My what gratitude and good fortune! I feel truly blessed to have spent two energizing, educational, and delicious weeks in Portugal; the first with a phenomenal, international team of colleagues and the second with my beautiful, inspiring mother (who I repeat, is a coveted travel companion)!
Portugal is ripe with adventure, and I’ve done my best to capture the country’s celebrated and hidden marvels. While this post concludes the essence of eating in Portugal, my Cayuaga St. chronicles will resurface with the promise of winter creativity.
For now, one last temptation…
We wound south to Peso da Regua on the Douro’s riverfront, guided by the fading light. Tiago and Domingo urged us to dine at Castas e Pratos (Grapes and Plates), which was conveniently across from the Hotel Regua where we’d parked for the night.
Castas e Pratos occupies a refurbished warehouse at the rail station; a beautiful interior with clear floors peering over the train tracks. The chef is apparently “famous” and specializes in traditional Portuguese food with a high-end, modern flair.
Our couvert was a basket of freshly baked bread, with a rich olive oil and sticky balsamic for dipping along with a smooth, tangy olive tapenade. Wine of course. My generous glass of red was 2.50 euros, despite its high quality (after all, it practically grows from beneath our feet!).
In the dim lighting, our pictures can’t do justice to each dish. To start: goat cheese wrapped with fig compote and brie, tucked into a crepe with port reduction and toasted almonds. Hard to go wrong here!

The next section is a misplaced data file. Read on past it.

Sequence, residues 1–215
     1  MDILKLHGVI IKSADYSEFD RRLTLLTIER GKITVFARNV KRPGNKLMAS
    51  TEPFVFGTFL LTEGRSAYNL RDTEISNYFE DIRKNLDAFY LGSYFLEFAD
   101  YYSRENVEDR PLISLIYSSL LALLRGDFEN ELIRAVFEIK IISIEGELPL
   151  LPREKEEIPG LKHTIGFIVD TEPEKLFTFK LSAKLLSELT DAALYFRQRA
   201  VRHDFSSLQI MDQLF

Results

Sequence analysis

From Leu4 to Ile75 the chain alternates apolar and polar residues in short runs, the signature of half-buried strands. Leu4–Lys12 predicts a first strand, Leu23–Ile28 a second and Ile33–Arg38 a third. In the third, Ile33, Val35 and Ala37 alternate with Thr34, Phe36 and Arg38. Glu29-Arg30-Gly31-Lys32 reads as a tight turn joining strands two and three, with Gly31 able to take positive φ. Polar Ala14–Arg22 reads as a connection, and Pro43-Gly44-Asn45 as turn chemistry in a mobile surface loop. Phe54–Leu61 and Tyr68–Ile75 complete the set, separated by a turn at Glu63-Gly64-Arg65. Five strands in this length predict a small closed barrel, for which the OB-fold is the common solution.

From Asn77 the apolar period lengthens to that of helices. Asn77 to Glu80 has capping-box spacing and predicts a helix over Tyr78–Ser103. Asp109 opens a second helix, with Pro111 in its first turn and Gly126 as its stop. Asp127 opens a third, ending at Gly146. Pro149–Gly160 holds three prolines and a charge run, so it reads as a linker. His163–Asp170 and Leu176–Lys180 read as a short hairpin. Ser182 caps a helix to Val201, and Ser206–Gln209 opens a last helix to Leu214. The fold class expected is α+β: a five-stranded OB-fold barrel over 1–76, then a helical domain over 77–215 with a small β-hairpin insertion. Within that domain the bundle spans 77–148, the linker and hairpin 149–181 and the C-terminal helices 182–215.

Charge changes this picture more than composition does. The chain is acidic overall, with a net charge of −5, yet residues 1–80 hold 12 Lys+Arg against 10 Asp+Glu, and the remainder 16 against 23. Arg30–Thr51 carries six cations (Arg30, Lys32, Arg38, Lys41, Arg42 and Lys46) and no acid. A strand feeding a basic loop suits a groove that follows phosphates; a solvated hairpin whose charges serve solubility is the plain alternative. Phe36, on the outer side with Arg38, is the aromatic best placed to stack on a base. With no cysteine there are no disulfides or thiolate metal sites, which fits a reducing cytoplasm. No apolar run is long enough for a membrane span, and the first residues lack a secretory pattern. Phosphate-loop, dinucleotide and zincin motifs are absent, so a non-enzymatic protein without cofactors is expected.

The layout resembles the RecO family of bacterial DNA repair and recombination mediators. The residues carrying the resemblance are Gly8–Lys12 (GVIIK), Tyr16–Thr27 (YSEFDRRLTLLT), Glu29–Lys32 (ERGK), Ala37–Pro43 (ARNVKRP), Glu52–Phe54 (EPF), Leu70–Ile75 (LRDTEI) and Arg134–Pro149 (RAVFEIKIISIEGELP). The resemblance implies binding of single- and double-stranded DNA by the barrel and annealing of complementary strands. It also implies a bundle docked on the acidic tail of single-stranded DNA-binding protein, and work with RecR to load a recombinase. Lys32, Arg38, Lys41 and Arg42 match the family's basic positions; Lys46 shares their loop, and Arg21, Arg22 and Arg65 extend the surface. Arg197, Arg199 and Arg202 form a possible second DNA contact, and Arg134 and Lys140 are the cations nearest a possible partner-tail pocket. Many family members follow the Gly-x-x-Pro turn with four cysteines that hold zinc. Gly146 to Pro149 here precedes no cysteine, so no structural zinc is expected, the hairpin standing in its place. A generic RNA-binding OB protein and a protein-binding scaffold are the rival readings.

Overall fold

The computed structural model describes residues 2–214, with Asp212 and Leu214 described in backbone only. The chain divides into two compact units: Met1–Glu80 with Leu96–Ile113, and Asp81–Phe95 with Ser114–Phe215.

Not your traditional “cannelloni,” but cannelloni nonetheless! The same leaf-like crepe, wrapped around Alheira de Caça, an exquisite spiced game meat and breaded sausage. Smooth, creamy, and bursting with flavor. Served over lightly sauteed greens, fresh eggs (see the color?), and a drizzle of olive oil.
Bacalhau encrusted with olive tapenade and spiced cornmeal, served over chickpeas pureed with herbs and a fresh tomato sauce.
Our first swallow of chocolate in Portugal! A port semifreddo with dark chocolate ice cream and whipped cream. To our slight disappointment, the cream seems store-bought; it has a processed flavor impossible to recreate by hand. Since the rest of the meal was impossibly delicious, we give our chef the benefit of the doubt: out of tourist season, a supply of fresh cream might spoil – unwise for inventory.
We wake early and drive through the valley floor to Pinhão. We’re told it’s a must. The landscape is beautiful, but not enthralling. The town is uncannily serene, though the barmaid where we stop in for an espresso assures us that it’s ransacked in the summer months. And hot!
We begin our final road trip south to Lisbon, four hours of farmland views dotted with villages that remind us of Italy, the houses a uniform white with red tiled teja rooves.
A long stroll relieves our cramping knees, and lands us in the heart of Lisbon. On a Friday night, the city is hopping with street performers, tourists (this is where they are!), and a general air of joviality. We find a few more sights we missed on our first Lisbon marathon. The Elevador de Santa Justa, a production of the Eiffel Tower’s very same master.
The famous Rossio Station, with the iconic “M,” and one last tourist shot for me!
Mamma spots one more food shot! Apple dumplings: whole apples wrapped in a pastry, much like the batch Shanti tested in my kitchen this fall (Ithaca-Baked Apple Dumplings).
And dinner. Well, on our last night I chose to keep dinner to ourselves. A pleasant, traditional meal without any: “Wait! Don’t eat yet! Ooooone more second, I promise! Oh shoot, the lighting was bad. One more! Ah, there we go. Ok, dig in now!” (No really, it’s not that bad. I promise).